d. Numerical results of all the three sections are well above curves c 142 (2017) 211–222.
and d, as shown in Fig. 15(c). Thus, the buckling curves specified [2] B. Yang, G. Xiong, K. Ding, S.D. Nie, W. Zhang, Y. Hu, G.X. Dai, Experimental and nu-
by Eurocode 3 [11] yield fairly conservative estimations of the global merical studies on lateral-torsional buckling of GJ structural steel beams under a
concentrated loading condition, Int. J. Struct. Stab. Dyn. 16 (1) (2016) 1640004.
buckling resistance of Q460GJ steel beams. Nevertheless, the design [3] G.M. El-Mahdy, M.M. El-Saadawy, Ultimate strength of singly symmetric I-section
curve in ANSI/AISC360-10 [12] considerably overestimates the lateral- steel beams with variable flange ratio, Thin-Walled Struct. 87 (2015) 149–157.
torsional buckling resistance of the beams (see Fig. 15(d)) when the [4] A.S. Surla, S.Y. Kang, J.S. Park, Inelastic buckling assessment of monosymmetric I-
beams having stepped and non-compact flange sections, J. Constr. Steel Res. 114
non-dimensional slenderness is between 1.0 and 1.5, and thus it is not (2015) 325–337.
conservative to use this curve for the global buckling design of Q460GJ [5] A. Andrade, D. Camotim, P.B. Dinis, Lateral-torsional buckling of singly symmetric
steel beams. web-tapered thin-walled I-beams: 1D model vs. shell FEA, Comput. Struct. 85
(17–18) (2007) 1343–1359.
[6] D. Camotim, A. Andrade, C. Basaglia, Some thoughts on surprising result concerning
6. Conclusions the lateral-torsional buckling of monosymmetric I-section beams, Thin-Walled
Struct. 60 (2012) 216–221.
[7] B. Yang, S.B. Kang, G. Xiong, S. Nie, Y. Hu, S. Wang, J. Bai, G. Dai, Experimental and
This paper presents the experimental and numerical results of singly
numerical study on lateral-torsional buckling of singly symmetric Q460GJ steel I-
symmetric I-beams fabricated from high-performance Q460GJ struc- shaped beams, Thin-Walled Struct. 113 (2017) 205–216.
tural steel. The beams were tested under a concentrated point load at [8] R.D. Ziemian, Guide to Stability Criteria for Metal Structures, sixth ed. John Wiley &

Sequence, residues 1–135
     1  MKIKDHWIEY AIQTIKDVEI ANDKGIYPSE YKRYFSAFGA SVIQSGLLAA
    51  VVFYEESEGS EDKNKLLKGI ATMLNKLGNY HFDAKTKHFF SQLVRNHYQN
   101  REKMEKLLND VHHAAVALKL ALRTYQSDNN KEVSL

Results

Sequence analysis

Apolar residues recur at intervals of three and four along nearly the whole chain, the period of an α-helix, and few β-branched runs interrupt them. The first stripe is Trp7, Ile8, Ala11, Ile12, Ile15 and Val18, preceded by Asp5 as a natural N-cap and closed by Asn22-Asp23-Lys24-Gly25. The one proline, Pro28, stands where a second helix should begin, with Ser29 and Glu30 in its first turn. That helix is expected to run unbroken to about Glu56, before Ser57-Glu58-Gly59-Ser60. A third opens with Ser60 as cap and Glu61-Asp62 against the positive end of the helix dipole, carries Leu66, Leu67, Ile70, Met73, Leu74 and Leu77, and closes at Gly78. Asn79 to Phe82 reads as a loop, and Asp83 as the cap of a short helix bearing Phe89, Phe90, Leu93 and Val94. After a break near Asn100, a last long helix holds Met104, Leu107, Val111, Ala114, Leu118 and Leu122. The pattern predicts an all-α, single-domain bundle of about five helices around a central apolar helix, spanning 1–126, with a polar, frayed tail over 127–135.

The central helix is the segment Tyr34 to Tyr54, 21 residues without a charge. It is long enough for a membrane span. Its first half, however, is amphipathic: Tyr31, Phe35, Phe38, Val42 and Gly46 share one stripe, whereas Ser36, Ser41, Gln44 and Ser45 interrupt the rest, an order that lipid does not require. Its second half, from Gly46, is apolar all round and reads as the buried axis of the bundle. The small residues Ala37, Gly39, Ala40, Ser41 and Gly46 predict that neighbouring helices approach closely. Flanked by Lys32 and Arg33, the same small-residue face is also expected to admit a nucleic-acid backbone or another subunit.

Sons Inc., Hoboken, New York, 2010.
the mid-span and expected to fail in a range between elastic and inelas-
[9] Ministry of Construction, Code for Design of Steel Structures, GB50017-2003, China
tic lateral-torsional buckling. Finite element models were developed to Planning Press, Beijing, 2003.
simulate the global buckling behaviour of the beams. The model was [10] Management Committee for National Standards, Code for Design of Steel Structures
validated against test results and used for parametric studies on the (Draft Version), GB50017-201X, Beijing, 2012.
[11] BSI, Eurocode 3: Design of Steel Structures—Part 1-1: General Rules and Rules for
effects of non-dimensional slenderness and height-to-width ratio. Com- Buildings, BS EN 1993-1-1:2005, British Standards Institution, London, 2005.
parisons were made with design curves in GB50017-2003 [9], GB50017- [12] American Institute of Steel Construction, Specification for Structural Steel Buildings,
201X [10], Eurocode 3 [11] and ANSI/AISC360-10 [12]. The following ANSI/AISC360-10, Chicago, Illinois, 2010.
[13] Standardization Administration of China, Tensile Testing—Part 1: Method of Test at
conclusions could be drawn from the study. Room Temperature, GB/T228.1-2010, Standards Press of China, Beijing, 2010.
[14] ABAQUS, Analysis user's Manual Version 6.13, ABAQUS Inc, 2013.
(1) All steel beams failed in lateral-torsional buckling except B-360- [15] B. Yang, S.D. Nie, G. Xiong, Y. Hu, J. Bai, W. Zhang, G.X. Dai, Residual stresses in
4.0 which developed a rather high load resistance due to the welded I-shaped sections fabricated from Q460GJ structural steel plates, J. Constr.
presence of friction in the loading device. Yielding of the tension Steel Res. 122 (2016) 261–273.
[16] Ministry of Housing and Urban-Rural Development, Code for Construction of Steel
flange was not observed prior to failure, and local buckling did Structures, GB 50755-2012, China Building Industry Press, Beijing, 2012.
not occur in the compression flange.